The Banking Ombudsman has begun making inquiries into Westpac Bank after receiving a complaint about the company’s refusal to refund a pensioner’s stolen $49,000.
Dunedin man Ray Johnson says he wants an apology from Westpac and compensation for stress and anxiety after the Australian-owned company initially refused to reimburse him when thieves siphoned $100,000 from his accounts in three separate transactions in June.
Though Westpac was able to “stop” the two latter transactions of $11,000 and $38,000, the first withdrawal of $48,839 could not be recovered and the bank refused liability.
It was only after intervention from the Herald that Westpac backed down and agreed to reimburse the retired wool grader in a one-off “goodwill payment”.
Johnson believes the thieves likely hacked his Westpac internet banking app before wiring the money offshore.
A banking expert believes Westpac likely breached the Code of Banking Practice and says Johnson could have a claim for damages.
A Westpac spokesman said: “We acknowledge we took time to look into this issue and we have apologised to Ray for the lapses in service. We will constructively follow the Banking Ombudsman Scheme process on any further resolution as we do with all complaints.”
The 71-year-old Johnson complained to the Banking Ombudsman last week and provided a statement about his case on Friday.
“Until you got involved, as far as [Westpac] were concerned it was over and done with,” Johnson told the Herald.
“The amount of stress I’ve been through, I wouldn’t mind a little bit of compensation and an apology from the bank.”
In his statement to a Banking Ombudsman investigator, Johnson said: “Sometimes I just couldn’t get out of bed. Other times I had trouble sleeping during the night. She said, ‘We’ll take that into consideration’.
“She said, ‘How did it affect you’. I said, ‘It was my mother’s and father’s money that I had inherited after mum died. It was money from when they sold the house and that money mum and dad had worked hard for, and I felt I had let them down.”
Since the Herald reported on Johnson’s case, he said he’d been approached by strangers about his standoff with Westpac, which reported a $1.1 billion profit last month.
At a bowls tournament last week, a fellow competitor told Johnson: “You beat the f***en bank.”
“One guy said, ‘I can’t remember your name but were you the guy in the paper?’ He said, ‘Well done. They’re getting away with too much’. Everyone came up and congratulated me.”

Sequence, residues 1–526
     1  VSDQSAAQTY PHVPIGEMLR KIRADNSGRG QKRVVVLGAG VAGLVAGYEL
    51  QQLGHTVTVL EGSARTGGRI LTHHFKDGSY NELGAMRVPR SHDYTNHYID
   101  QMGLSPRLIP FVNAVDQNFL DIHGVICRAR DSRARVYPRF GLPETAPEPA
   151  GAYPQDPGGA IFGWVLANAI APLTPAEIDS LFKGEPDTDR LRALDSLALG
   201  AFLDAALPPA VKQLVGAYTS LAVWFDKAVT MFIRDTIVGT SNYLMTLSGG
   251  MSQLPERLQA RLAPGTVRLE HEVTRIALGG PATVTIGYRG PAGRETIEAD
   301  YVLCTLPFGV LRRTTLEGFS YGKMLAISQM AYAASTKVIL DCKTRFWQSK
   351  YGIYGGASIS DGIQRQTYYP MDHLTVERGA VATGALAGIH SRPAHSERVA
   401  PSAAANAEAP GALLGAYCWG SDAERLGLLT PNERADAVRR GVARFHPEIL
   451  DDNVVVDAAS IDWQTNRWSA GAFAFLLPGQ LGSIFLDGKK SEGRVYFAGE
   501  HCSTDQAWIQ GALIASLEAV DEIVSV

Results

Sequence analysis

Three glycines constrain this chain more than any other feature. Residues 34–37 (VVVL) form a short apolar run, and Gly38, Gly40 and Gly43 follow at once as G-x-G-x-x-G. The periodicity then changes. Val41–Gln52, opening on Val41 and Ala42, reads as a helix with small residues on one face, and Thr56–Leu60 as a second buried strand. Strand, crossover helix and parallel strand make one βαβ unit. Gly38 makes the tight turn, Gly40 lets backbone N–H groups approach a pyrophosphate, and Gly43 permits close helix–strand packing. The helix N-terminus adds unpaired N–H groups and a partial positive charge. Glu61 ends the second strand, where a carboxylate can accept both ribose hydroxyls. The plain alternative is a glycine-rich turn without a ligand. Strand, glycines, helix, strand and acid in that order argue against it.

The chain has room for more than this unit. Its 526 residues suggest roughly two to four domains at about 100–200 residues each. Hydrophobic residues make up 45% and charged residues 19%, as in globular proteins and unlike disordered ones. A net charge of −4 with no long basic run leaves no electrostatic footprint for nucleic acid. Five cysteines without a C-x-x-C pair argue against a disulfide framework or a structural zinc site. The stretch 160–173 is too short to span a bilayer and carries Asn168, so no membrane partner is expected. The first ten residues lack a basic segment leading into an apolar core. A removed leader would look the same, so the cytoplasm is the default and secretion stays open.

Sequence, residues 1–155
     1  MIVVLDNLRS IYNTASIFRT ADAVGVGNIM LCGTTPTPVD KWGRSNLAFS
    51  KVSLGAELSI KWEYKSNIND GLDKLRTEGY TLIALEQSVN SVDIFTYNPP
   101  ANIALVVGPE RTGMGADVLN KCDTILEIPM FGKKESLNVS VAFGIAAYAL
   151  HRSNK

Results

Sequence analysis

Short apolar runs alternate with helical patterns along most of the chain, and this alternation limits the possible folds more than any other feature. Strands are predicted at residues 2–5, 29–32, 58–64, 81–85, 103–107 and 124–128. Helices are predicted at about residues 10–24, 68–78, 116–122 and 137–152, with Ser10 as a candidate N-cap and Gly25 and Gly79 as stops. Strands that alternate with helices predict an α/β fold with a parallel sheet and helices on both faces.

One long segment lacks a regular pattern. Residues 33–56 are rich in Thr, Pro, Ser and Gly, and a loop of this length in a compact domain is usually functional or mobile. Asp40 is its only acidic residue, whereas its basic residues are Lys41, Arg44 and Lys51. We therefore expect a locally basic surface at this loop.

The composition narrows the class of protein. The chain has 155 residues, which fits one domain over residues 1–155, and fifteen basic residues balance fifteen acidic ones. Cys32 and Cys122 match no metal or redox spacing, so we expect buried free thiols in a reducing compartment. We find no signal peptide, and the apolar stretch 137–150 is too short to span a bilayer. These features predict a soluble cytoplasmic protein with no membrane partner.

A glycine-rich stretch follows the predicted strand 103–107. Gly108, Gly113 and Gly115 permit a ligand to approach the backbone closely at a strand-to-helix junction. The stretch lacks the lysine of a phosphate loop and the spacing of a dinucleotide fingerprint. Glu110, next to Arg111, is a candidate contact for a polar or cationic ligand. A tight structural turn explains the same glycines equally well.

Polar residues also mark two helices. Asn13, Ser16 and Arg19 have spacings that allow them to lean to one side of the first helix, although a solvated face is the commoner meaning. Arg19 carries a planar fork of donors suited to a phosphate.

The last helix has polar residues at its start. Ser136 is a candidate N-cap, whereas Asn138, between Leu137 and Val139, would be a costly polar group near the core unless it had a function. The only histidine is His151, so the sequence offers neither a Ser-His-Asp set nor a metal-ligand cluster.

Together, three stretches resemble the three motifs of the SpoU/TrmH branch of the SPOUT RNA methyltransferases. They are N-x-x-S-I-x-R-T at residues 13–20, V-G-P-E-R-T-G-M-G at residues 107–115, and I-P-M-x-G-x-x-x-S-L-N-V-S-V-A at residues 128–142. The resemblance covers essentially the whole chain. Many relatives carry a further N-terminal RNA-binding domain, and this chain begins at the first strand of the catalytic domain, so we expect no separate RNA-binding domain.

Johnson said the stolen money had now been refunded into his account. He planned to donate $500 to the Otago Community Hospice and another $500 to the Stroke Foundation.
Both organisations had special significance to Johnson. He lost his father to cancer of the oesophagus in 1988, his mother to a stroke four years ago, and his sister to a brain tumour six months before his mother’s death.
The local hospice was a worthy recipient of the money, Johnson said.
“They’re always fundraising and they’re on the bones of their arse. Mum used to work down there and they do a great job. I thought they can do with the money.”
Hospice CEO Ginny Green said Johnson’s gesture was “very sweet”.
“We love it when people think of us in these circumstances. We have to raise $3 million this year just to carry on so every little bit helps.”
A Banking Ombudsman spokeswoman confirmed it had touched base with Johnson but declined to comment further.
Westpac says an investigation into the theft was “inconclusive”, though there was no evidence the bank’s online security systems had been breached.
“Recognising the specific circumstances of this case, that further investigation would take more time, and our desire to provide Ray with certainty, we have decided to make a goodwill payment covering the full amount of the lost funds.”
Massey University banking expert Associate Professor Claire Matthews felt Westpac’s initial refusal to reimburse Johnson had likely breached the Code of Banking Practice, which requires banks to reimburse customers unless they have been wilfully negligent, opening the door to a potential compensation claim.